If classes or personal training aren’t your thing, but you still want to add a little variety to your workouts, there are millions of ideas available on the internet. Anything from workouts you can do in your living room, to routines that require nothing more than a flight of stairs, to new ideas to take with you to the gym, you can almost surely find it there.
Of course, the catch is that you have to actually get off your computer and do some of the exercises for them to work. Bookmarking them does not burn calories. And you have to be thoughtful about what exercises you actually do—many might pose safety risks for some individuals, and many might make you think you are working when in reality it’s not doing a thing.
So when you are evaluating an exercise, think to yourself: 1) is this risky? (i.e. is it going to put a strain on a joint, in any way endanger my neck or spine, or cause me to get in a position that could twist or sprain something); and 2) is it actually doing anything worthwhile (i.e. getting your heart rate up or working a major muscle group).
For example, there are lots of exercises on BodyBuilding.com. However, many of them require heavy weights or various jerky movements that would not be suited to everyone. If you are familiar with body building exercises already and just want some new ideas, that’s one thing. But a beginner (or even intermediate) exerciser should not just jump into these.
On the other hand, online magazines like Prevention.com have various exercises highlighted at various times, and they usually include reminders about warm-ups and modifications for the exercise to make it either easier or harder. Modifications are always a good sign for someone starting out that this exercise is manageable.
Many brand name workouts, like T-Tapp, off free exercise routines on their websites. So if there is a particular exercise you like, you may be able to find some routines for free.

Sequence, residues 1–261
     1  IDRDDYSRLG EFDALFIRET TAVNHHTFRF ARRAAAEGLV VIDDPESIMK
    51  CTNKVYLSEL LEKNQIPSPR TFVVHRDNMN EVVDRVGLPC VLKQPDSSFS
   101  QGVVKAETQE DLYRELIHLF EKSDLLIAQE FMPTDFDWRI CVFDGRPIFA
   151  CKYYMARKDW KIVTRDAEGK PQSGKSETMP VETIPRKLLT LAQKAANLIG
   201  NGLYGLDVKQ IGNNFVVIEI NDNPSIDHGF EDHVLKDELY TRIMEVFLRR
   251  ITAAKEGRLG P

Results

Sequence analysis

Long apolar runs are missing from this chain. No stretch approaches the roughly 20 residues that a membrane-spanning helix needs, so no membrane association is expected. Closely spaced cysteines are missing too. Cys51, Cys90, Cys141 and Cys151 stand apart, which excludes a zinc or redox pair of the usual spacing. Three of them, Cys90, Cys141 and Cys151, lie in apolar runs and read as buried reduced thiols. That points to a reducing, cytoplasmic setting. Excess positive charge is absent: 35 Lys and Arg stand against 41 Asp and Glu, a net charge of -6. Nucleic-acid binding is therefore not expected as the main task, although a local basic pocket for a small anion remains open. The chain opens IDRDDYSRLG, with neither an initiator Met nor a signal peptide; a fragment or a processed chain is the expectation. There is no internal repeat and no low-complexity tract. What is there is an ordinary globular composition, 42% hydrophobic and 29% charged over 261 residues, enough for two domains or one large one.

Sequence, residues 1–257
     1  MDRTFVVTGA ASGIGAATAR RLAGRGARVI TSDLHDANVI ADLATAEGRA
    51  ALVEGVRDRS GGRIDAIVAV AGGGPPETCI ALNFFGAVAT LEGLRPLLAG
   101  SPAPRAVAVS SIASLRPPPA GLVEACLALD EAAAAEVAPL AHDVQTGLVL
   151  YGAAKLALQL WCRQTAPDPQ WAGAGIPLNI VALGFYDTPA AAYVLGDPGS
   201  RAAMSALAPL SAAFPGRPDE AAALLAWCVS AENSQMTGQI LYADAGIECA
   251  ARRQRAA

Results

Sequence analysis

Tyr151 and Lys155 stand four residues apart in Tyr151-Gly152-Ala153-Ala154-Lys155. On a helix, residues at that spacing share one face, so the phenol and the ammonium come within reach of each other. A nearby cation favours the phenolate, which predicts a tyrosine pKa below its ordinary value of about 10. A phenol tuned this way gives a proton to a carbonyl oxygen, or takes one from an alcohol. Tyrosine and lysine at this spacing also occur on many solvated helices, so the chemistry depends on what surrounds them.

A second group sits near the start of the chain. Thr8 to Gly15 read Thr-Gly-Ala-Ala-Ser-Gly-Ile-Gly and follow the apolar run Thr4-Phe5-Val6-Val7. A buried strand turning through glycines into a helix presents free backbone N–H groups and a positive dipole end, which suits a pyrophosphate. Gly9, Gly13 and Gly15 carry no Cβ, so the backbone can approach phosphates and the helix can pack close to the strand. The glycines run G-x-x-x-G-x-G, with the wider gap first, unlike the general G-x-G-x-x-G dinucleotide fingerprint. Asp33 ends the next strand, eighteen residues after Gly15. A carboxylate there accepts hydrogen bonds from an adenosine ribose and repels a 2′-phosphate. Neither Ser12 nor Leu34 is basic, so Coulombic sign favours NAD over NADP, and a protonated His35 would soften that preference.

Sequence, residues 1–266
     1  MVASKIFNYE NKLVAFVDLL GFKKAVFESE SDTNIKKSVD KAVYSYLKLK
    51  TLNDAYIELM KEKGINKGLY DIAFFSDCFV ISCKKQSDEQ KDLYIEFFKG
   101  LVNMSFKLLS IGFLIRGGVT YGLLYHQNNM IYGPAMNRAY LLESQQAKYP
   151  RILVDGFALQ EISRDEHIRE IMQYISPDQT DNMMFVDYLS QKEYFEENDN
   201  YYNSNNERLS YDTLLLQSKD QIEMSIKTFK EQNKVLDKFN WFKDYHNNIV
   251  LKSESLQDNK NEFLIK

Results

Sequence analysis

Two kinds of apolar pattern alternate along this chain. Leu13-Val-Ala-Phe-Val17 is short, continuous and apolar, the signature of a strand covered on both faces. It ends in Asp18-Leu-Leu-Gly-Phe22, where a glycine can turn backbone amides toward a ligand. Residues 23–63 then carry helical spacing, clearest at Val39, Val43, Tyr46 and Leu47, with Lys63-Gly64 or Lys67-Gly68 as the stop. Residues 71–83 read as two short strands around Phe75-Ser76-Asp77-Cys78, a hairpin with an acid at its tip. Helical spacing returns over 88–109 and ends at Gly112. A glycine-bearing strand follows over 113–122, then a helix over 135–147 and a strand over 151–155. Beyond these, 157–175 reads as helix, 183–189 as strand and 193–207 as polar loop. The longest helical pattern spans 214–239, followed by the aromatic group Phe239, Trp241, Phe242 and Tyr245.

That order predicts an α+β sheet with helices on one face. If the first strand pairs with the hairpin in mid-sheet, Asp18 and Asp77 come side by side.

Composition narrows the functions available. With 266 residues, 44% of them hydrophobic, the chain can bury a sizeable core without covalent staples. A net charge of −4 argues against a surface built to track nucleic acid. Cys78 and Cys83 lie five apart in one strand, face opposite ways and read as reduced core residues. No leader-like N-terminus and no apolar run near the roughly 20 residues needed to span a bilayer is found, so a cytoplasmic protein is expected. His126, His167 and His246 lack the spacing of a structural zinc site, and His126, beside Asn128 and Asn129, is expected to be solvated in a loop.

Another thing that you can often find is videos as opposed to just articles. These can be hit and miss, and often don’t include a whole workout, but it’s so much easier to get a grasp of an exercise when you actually watch someone do it as opposed to reading an article and seeing a few photos. WorkoutsonDemand.com has a lot of videos that you can purchase, but they also have short video examples of various exercises you can pull from.
Lastly, motivation is always key. There are lots of motivating blogs and websites out there that can be very inspirational. Keep in mind, however, they only count as motivation if you actually get up and move after you finish reading.
These are all just ideas, and no where near an extensive list. Nor have I gone through and sampled everything on these sites, so take it with a grain of salt.
Obviously, if you have medical or health conditions, you should never start a workout yourself without consulting a doctor specifically about exercise. And doing things at home always pose the extra risk of not having someone at ready call should something happen.
So be smart, but don’t just think you are limited if you can’t afford a gym.